Feature | March 25, 2015

Heart Bypass Surgery Outperforms New Generation Stents in BEST Trial

Despite stent advances, bypass remains best option for treating multiple narrowed arteries

BEST Trial

March 25, 2015 — Despite the advent of a new generation of stents, patients with multiple narrowed arteries in the heart who received coronary artery bypass grafting fared better than those whose arteries were opened with balloon angioplasty and stents in a study presented at the 2015 American College of Cardiology (ACC) Annual Scientific Session.

The study, called the Bypass Surgery Versus Everolimus-Eluting Stent Implantation for Multivessel Coronary Artery Disease (BEST) trial, is one of only two randomized controlled trials to compare bypass to angioplasty since the introduction of everolimus-eluting stents, a new generation of drug-eluting stent. These stents emit medication to prevent blood clots and have been shown to be more effective at keeping arteries open. The trial’s findings align with those from the previous study, called Synergy between PCI with Taxus and Cardiac Surgery (SYNTAX).

The findings echo past studies, which have shown patients with multiple narrowed arteries have better outcomes with coronary artery bypass grafting, also known as CABG or heart bypass surgery, than with angioplasty, also known as percutaneous coronary intervention or PCI, a less-invasive option in which a stent is inserted to hold the arteries open.

In the new study, patients receiving angioplasty with the new stents had a 47 percent higher risk of one of the outcomes identified as a primary endpoint in the study: death, heart attack and subsequent procedure to clear blocked arteries, as compared to patients who received bypass. In bypass surgery, a vein or artery from elsewhere in the body is grafted onto a narrowed coronary artery to allow blood to flow to the heart more freely. The study reinforces current guidelines, which recommend bypass surgery for treating patients with substantial narrowing in multiple arteries, a condition known as multivessel coronary artery disease.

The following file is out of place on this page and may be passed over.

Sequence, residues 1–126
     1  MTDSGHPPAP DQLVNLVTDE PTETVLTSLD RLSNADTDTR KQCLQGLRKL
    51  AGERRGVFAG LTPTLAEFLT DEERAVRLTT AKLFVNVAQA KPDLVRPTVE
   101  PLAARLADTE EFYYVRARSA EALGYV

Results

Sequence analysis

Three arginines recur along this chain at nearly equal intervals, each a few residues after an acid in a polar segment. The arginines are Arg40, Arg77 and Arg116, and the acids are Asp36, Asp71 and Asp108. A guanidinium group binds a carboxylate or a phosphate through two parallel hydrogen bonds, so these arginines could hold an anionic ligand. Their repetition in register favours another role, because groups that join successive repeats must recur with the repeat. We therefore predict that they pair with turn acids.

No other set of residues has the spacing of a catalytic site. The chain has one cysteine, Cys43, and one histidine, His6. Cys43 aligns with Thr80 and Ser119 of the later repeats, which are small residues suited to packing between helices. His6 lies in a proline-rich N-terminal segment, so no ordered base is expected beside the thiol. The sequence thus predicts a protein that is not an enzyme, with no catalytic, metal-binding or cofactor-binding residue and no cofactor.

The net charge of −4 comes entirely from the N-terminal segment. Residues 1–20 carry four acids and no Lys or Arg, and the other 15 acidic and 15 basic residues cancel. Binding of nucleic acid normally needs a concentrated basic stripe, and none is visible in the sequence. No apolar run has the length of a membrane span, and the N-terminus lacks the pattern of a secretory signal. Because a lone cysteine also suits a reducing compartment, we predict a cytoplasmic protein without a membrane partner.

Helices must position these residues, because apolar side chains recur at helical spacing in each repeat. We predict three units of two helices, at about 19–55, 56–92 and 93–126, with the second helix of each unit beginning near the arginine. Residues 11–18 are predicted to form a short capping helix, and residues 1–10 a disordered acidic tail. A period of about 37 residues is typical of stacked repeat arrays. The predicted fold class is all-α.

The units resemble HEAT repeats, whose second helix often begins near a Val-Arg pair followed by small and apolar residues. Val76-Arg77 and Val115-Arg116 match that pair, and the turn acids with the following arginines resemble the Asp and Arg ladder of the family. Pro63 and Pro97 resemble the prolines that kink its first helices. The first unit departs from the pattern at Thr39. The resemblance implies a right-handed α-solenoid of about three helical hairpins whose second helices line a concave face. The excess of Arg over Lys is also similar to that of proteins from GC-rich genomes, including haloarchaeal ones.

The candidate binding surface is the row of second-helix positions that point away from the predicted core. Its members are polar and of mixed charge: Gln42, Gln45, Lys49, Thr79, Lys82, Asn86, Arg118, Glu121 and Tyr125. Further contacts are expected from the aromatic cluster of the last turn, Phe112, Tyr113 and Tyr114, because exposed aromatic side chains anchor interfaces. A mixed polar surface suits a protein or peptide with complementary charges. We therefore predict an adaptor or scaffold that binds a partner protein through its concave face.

“Based on our data, CABG is still the preferred option for multivessel disease,” said Seung-Jung Park, M.D., a cardiologist at Asan Medical Center in Seoul, South Korea, and the study’s lead author. “We had thought that previous trials may have been limited by their use of first-generation drug-eluting stents, but these results show CABG still leads to better outcomes.”

The study included 880 patients treated at 27 hospitals in four countries. All patients had multivessel coronary artery disease and were determined to be equally appropriate candidates for either angioplasty or bypass. Half of the patients were randomly assigned to receive angioplasty with everolimus-eluting stent and half received bypass surgery. Patients were tracked for an average of more than 4.5 years.

“During this relatively long-term follow-up, angioplasty was associated with a significant increase in the incidence of the death, myocardial infarction and target vessel revascularization, a difference that was mainly attributed to the higher rate of target-vessel revascularization in the angioplasty group,” Park said.

Death, heart attack or a subsequent procedure to clear blocked arteries occurred in 15 percent of patients in the angioplasty group and 11 percent of patients in the bypass group. In addition, the researchers found patients receiving angioplasty were twice as likely to need repeat revascularization and more than 1.8 times as likely to have a heart attack as patients who received bypass.